Trump's Justice Department Makes First Move Against Bump Stocks

Violet Powell
March 12, 2018

The Justice Department, however, is considering a measure that would ban bump stocks as part of an existing ban on machine guns, the Journal reported Saturday. "To that end, the Department of Justice has submitted to the Office of Management and Budget a notice of a proposed regulation to clarify that the National Firearms and Gun Control Act defines "machinegun" to include bump stock type devices".

The accessory was not used in the recent Florida school shooting, in which 17 people were killed, but it was used a year ago in the deadly shooting in Las Vegas.

The Justice Department officially submitted a notice of a proposed regulation with the Office of Management and Budget Saturday concerning bump stocks, accessories attached to semi-automatic weapons that enable them to mimic the functionality of automatic firearms.

The Justice Department's regulation would classify the hardware as a machine gun banned under federal law.

He would have to complete a similar public comment process were the Office of Management and Budget to approve the proposed regulation.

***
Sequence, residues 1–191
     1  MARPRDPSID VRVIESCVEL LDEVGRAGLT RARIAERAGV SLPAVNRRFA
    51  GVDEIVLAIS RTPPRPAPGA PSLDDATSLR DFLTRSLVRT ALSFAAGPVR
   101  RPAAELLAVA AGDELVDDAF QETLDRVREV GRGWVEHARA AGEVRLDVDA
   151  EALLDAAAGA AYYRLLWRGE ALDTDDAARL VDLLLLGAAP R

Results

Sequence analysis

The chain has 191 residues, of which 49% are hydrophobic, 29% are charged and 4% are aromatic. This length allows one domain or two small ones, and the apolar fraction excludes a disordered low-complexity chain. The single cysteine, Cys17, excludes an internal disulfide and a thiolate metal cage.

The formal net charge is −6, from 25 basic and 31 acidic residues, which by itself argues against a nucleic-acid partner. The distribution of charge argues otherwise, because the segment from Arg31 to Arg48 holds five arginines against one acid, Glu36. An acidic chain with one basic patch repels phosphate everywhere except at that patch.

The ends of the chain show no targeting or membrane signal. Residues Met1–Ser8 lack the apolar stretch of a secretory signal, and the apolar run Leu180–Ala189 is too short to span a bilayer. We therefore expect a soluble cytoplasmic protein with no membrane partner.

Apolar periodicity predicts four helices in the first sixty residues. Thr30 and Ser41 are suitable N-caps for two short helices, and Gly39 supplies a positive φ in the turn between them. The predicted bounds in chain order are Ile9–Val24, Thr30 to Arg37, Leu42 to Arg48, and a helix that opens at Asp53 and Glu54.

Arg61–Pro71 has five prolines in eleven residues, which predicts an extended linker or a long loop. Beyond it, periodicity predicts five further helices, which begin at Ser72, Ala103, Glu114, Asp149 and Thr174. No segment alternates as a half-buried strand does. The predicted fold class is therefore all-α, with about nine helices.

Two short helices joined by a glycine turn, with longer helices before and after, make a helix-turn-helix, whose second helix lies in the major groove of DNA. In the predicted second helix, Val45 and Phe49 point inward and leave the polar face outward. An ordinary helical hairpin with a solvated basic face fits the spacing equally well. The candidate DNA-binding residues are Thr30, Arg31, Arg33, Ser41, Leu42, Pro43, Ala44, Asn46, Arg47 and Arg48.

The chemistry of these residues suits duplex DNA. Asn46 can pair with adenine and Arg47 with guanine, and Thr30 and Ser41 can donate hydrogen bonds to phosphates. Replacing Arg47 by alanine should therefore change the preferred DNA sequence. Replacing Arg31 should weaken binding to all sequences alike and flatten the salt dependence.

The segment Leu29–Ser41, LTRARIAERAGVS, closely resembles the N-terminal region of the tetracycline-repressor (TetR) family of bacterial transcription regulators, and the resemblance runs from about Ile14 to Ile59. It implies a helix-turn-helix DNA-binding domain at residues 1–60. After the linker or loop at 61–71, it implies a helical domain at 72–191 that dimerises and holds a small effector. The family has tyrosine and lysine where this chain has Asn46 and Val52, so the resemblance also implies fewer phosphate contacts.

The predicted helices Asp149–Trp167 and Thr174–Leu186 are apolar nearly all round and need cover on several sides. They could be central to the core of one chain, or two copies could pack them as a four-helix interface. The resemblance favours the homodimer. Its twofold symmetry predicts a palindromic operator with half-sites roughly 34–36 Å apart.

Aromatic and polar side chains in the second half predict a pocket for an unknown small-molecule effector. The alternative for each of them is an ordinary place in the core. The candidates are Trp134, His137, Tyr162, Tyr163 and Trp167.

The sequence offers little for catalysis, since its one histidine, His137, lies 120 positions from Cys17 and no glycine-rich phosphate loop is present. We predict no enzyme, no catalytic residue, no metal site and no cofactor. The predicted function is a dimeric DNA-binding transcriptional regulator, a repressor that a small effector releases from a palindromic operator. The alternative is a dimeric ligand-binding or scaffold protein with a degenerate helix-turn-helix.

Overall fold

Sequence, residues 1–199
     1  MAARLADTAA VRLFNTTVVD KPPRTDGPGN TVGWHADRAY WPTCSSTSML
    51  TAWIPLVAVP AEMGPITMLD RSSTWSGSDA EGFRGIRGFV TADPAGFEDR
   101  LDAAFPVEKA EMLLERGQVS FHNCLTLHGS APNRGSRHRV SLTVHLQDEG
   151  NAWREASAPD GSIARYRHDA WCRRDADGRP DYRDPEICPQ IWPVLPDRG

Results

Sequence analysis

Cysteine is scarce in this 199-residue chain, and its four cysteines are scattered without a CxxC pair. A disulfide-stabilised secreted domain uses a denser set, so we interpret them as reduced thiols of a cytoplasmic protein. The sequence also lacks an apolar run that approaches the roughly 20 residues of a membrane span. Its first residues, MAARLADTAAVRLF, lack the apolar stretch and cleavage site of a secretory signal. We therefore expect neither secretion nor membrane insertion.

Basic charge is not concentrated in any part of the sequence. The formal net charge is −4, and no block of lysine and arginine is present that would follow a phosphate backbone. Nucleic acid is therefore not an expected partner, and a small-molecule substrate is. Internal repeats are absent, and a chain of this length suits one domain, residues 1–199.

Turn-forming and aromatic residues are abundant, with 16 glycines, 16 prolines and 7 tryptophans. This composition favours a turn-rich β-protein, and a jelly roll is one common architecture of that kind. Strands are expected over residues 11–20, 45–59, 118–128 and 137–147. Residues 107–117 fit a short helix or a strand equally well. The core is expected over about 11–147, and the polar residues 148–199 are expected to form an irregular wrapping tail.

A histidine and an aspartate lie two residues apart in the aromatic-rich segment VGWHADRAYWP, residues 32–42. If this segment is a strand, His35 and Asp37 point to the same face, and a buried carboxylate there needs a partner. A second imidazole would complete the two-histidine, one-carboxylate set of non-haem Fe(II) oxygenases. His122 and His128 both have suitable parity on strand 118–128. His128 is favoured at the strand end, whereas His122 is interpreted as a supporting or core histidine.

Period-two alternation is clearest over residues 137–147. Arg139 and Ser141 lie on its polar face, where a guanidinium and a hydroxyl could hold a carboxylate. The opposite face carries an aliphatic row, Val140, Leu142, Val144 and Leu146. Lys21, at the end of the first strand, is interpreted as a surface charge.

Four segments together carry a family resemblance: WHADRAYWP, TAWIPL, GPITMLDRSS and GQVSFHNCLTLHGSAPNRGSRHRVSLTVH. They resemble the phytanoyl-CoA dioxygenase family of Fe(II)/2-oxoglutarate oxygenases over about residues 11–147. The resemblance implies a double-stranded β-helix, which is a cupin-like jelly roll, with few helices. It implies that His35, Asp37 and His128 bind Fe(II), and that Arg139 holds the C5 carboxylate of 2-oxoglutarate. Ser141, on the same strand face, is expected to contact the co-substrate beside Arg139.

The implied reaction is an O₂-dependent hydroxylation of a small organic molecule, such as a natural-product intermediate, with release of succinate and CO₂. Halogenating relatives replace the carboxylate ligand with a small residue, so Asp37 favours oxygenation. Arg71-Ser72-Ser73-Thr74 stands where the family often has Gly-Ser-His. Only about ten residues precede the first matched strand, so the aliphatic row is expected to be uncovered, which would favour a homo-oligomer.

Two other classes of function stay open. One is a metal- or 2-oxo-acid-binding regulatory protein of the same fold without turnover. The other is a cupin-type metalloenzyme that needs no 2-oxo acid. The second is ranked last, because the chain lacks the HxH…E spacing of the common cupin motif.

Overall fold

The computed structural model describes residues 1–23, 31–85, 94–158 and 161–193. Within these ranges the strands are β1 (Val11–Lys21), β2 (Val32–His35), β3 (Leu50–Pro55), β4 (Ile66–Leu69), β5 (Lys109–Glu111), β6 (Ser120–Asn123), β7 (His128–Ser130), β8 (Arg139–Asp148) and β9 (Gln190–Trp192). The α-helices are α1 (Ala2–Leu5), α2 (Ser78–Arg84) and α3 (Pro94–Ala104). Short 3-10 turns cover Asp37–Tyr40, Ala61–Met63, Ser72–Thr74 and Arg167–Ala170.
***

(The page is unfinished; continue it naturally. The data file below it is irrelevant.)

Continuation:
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Rather than allowing the ATF to take the lead, several lawmakers in Congress have proposed legislative solutions for bump stocks, including both outright bans and stricter regulations on the devices. And in December, Sessions announced that he was initiating the process to potentially change federal regulations and would be accepting public comments through January 25.

The matter is more complicated than meets the eye.

A bump fire stock that attaches to a semi-automatic rifle to increase the firing rate is seen at Good Guys Gun Shop in Orem, Utah, U.S., October 4, 2017.

The gun lobby group does support additional regulations for bump stocks and did not immediately respond to a request for comment. The plan does not address a number of issues supported by gun control advocates, including a ban on bump stocks or raising the minimum age required to purchase a rifle to 21.

Americans have been wondering what, if any, concrete gun control reforms would be made in response to the horrific massacre that left 17 innocent individuals dead last month in Parkland, Florida.

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